Around here, one of the common topics of conversation among the parent community is, “where are you going to send your kids to high school?” We genuinely have no idea. Our options are made much more complex by the fact that all of the six high schools within walking distance of our house (two public, four private) are single sex.
When I talk about not wanting to send my boys to a single sex school, most parents are surprised that I would care. My reasoning is almost entirely about socialisation – I know enough people who found it very hard to talk normally to members of the opposite sex once they got out of their segregated environment to know how much the experience can (doesn’t always, of course!) damage your social life. My mother is a good example – she’s told me often enough how hard she found it to go from a girls school to doing first year science at university – one of 4 women in classes of 150. That’s obviously extreme, but I imagine she would have found it easier to cope if she’d be learning alongside boys in her highschool also.
Most of the reading I’ve done on the topic (a while ago) suggested that girls should go to single sex schools, so they didn’t get oppressed by boys who would stifle their willingness to speak up and learn in a classroom, and boys should go to co-ed schools so that the girls would calm them down and create a better learning environment. Hard to know where to find those girls willing to sacrifice themselves for the boys, though.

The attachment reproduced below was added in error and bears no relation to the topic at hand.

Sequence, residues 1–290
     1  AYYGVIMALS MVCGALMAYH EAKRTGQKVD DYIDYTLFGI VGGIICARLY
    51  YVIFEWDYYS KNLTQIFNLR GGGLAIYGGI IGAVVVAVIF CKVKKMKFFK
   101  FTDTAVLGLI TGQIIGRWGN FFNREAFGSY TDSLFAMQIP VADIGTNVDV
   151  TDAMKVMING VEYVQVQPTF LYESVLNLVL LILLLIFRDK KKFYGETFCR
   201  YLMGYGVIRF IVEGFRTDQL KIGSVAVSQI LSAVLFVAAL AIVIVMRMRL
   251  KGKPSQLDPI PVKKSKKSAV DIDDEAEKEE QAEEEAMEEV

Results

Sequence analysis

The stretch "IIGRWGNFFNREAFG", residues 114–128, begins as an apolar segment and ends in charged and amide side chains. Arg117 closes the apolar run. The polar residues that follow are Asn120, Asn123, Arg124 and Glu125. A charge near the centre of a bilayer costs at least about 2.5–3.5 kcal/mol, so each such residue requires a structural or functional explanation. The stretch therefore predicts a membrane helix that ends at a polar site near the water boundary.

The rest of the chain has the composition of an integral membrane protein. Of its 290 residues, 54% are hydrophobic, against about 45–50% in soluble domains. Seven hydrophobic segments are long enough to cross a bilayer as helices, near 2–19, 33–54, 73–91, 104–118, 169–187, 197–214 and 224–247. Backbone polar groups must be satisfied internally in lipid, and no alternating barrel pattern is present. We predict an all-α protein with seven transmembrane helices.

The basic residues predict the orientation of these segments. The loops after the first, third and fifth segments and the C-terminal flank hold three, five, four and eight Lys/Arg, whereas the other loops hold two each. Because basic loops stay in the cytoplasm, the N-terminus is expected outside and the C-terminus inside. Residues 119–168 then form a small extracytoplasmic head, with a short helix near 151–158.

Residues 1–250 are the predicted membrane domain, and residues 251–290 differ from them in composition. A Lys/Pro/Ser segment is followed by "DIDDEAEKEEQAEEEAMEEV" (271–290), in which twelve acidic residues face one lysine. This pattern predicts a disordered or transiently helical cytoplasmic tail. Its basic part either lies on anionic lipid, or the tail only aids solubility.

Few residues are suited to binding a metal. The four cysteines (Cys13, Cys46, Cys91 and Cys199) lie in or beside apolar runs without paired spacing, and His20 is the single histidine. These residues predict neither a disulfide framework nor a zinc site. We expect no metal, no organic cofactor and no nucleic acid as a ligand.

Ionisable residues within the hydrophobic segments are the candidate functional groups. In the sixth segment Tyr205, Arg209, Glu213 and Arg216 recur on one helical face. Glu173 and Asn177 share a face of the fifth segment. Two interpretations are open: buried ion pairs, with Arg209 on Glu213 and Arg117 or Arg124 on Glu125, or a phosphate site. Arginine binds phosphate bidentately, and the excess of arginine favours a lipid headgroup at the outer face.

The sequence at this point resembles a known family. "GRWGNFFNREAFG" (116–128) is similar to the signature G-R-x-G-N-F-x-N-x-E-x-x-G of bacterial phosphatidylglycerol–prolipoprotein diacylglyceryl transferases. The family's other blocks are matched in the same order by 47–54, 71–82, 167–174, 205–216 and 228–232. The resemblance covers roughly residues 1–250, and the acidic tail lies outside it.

But a recent article in New York Magazine suggested that I’m way behind the times. These days, there is a whole industry in explaining just how differently boys and girls learn, and how important it is to provide a learning environment that caters separately to boys and girls. Many of the most exclusive Sydney private schools have bought into this – here’s one example.
But the New York Magazine article points out, gently but firmly, how methods based on averages fail to take account of the enormous distribution in attributes of both sexes. Even if boys, on average, hear slightly worse than girls (a hypothesis based on one very small study) – the range of hearing levels in boys and girls suggests that if you take an individual boy and girl, you chances are pretty close to even that the boy will have better hearing than the girl. Similarly for a whole set of learning attributes – boys are popularly supposed to learn better using visual spatial clues – but many girls will also.
So an educational philosophy that is based on separating out children using gender as a guide to learning styles is likely to misclassify many of them.
But the most interesting aspect of the New Yorker article, for me, is that the differences in results, if they even exist, are very small for middle to upper class children like mine. If single sex schools or classes make a difference, they generally only make a difference for children who are struggling. (which makes me sceptical about the effect – most children who are struggling will do better if teachers and a school care enough to try radical options, mostly because the teachers and the school are engaged, not so much because of the radical options). And in most contexts (at least in Australia) those struggling children are least likely to have any radical options available to them – their local state school will be it.